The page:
Meerveld lodges conduct code complaints against Education
CODE of conduct complaints against all five members of the Education, Sport & Culture committee have been made following the row over a controversial appointment.
Deputy Carl Meerveld, who is a former vice president of the committee, has submitted the complaints to the code of conduct panel because of his concerns about the interview process for the new Head of Curriculum and Standards.
‘I can confirm that I have submitted code of conduct complaints against members of the Committee for Education, Sport & Culture. I will not be commenting on the complaints until the panel have reached their determination so as not to unduly influence the correct procedures.’
The island’s senior committee – Policy & Resources – revealed last month that it was carrying out a ‘fact-finding exercise’ into the episode, but Deputy Meerveld is clearly not satisfied with that.
‘I have been disappointed by the lack of action from P&R regarding these serious issues, despite them being far more egregious and clearly evidenced than anything Home Affairs was accused of and Scrutiny is yet to launch an inquiry.
‘I have therefore submitted my concerns to the States Members’ Conduct Panel detailing the breaches I believe the members of the committee have perpetrated.’
The Scrutiny Management Committee has announced it wants an independent review to be commissioned to look into the episode, and ESC has promised its full cooperation if that goes ahead.
The five members of ESC are deputies Matt Fallaize, Richard Graham, Rhian Tooley, Peter Roffey and Mark Dorey.
Deputy Fallaize, the president of ESC, had no comment on the latest move from Deputy Meerveld, but he has consistently maintained that nothing improper took place, and there were no transgressions of protocol.
As a former member of Education, Deputy Meerveld was highly aggrieved when the three-school education model was thrown out by the States last year, and he has faced accusations of sour grapes, which is something he strongly refutes.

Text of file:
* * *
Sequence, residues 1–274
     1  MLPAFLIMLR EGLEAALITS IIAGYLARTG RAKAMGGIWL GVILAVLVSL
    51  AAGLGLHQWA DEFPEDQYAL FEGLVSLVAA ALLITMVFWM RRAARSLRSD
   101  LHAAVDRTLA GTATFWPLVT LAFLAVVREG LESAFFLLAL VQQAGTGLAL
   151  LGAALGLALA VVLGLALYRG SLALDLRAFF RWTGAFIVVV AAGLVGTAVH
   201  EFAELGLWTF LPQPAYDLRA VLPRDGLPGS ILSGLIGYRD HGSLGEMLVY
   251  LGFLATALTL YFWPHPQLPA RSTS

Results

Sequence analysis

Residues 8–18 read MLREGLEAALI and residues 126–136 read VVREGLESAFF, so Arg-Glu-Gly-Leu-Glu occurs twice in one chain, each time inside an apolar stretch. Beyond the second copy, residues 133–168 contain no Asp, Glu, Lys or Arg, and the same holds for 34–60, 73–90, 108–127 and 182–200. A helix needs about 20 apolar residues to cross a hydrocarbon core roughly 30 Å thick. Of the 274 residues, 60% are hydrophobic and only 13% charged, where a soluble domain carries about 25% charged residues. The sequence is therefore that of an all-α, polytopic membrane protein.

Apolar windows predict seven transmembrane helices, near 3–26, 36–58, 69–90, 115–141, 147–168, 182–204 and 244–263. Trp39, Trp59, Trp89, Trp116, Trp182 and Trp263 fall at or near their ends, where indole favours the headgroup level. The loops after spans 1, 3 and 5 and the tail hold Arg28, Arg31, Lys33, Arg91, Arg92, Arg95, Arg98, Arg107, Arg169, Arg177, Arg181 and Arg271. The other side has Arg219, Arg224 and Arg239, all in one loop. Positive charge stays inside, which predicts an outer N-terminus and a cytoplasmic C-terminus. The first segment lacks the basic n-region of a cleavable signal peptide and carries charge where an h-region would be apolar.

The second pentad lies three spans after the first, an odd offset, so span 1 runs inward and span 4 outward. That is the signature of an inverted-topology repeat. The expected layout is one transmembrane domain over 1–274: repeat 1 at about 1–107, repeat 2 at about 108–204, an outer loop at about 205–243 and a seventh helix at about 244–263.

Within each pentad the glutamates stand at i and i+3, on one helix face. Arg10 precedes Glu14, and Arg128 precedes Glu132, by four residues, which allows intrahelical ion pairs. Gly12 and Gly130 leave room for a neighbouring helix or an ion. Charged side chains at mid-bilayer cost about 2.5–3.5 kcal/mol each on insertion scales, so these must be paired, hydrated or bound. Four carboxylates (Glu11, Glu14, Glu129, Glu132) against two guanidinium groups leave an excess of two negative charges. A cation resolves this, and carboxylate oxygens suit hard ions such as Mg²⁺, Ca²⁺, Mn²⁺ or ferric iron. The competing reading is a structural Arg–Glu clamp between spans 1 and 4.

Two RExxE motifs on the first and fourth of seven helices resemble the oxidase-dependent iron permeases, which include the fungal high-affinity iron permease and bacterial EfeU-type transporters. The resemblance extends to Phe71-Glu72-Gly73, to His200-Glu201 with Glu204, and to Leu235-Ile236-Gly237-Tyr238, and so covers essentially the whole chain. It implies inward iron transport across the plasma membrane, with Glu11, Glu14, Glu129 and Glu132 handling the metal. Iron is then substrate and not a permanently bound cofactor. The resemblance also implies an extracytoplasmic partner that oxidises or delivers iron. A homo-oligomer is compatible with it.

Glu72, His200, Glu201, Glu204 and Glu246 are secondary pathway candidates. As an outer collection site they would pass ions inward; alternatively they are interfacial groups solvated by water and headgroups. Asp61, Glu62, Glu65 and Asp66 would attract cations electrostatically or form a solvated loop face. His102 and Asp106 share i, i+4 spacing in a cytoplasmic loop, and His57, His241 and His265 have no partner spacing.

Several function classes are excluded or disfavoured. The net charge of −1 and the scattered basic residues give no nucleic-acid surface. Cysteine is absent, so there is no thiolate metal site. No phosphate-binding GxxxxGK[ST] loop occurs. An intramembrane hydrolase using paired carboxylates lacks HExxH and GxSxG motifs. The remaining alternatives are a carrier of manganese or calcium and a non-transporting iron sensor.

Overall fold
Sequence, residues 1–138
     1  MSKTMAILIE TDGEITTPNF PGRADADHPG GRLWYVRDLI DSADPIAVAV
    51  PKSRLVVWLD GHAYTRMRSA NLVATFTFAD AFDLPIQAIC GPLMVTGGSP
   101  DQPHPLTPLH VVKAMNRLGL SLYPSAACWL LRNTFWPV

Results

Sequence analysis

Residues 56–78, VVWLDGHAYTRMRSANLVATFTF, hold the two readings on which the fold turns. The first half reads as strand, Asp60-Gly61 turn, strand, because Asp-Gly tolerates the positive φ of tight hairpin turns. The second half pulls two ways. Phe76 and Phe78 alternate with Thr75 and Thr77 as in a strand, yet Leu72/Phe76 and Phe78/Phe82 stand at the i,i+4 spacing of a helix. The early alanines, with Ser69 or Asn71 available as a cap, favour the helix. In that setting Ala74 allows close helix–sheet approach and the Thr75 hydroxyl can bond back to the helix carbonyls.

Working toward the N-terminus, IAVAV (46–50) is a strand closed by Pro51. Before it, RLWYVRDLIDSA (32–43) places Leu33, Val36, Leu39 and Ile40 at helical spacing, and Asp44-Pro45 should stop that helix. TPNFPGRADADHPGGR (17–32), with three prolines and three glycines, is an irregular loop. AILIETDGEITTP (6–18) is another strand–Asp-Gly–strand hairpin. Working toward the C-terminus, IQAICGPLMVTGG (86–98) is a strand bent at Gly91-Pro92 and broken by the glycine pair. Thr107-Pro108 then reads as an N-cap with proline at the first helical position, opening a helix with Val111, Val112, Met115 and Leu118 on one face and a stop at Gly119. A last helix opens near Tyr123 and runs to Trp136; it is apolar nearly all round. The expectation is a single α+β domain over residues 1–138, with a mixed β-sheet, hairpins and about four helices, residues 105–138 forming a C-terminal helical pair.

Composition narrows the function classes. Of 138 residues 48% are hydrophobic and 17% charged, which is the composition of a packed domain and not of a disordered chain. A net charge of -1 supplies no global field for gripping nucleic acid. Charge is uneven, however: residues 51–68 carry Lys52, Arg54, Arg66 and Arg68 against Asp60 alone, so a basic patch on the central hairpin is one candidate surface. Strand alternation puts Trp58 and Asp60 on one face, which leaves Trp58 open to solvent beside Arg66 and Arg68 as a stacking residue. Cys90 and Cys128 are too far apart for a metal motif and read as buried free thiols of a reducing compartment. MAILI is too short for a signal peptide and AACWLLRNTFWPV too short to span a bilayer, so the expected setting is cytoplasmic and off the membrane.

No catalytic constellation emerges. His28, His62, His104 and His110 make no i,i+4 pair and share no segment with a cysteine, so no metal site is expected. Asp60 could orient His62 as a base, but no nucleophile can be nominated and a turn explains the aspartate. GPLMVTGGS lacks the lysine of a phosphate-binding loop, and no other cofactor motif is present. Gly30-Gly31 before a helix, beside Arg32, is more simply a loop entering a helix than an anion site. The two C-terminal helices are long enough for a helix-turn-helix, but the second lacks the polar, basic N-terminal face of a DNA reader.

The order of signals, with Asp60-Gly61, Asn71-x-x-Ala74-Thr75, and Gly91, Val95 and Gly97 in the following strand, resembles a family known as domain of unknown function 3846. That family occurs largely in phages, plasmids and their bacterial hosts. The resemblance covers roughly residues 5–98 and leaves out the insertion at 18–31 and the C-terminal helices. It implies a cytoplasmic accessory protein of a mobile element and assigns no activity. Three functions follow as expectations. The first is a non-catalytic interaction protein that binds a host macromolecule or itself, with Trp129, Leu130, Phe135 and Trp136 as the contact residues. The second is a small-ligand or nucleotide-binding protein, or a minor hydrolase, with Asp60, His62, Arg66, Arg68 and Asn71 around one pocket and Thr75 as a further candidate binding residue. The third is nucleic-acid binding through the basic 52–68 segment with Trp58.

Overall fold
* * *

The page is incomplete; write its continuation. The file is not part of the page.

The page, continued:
The row centres around an interview panel which voted 4-1 to appoint a local head teacher to the new post of Head of Curriculum and Standards, with Deputy Fallaize being the sole vote against.
The head teacher accepted the job, and then withdrew, and it was offered to Deputy Fallaize’s preferred choice of Clare Sealy, who at the time was a headteacher of a London primary school.
HR officer Amanda Singleton resigned when she was asked to fill out an employment permit for Ms Sealy, because she did not want to lie on an official document by stating that there were no suitable local candidates.
It has been a turbulent few months at Education because the department’s most senior officer, the chief secretary, left her post and moved to work in the States senior management team.
The new Director of Education pulled out last week citing ‘family circumstances’, just days before she was due take up the key position.
In a few weeks’ time major plans to overhaul the island’s state schools into a two-school comprehensive system will be debated by the States Assembly and supporters of those proposals fear that the recent turmoil is a distraction which risks muddying the waters.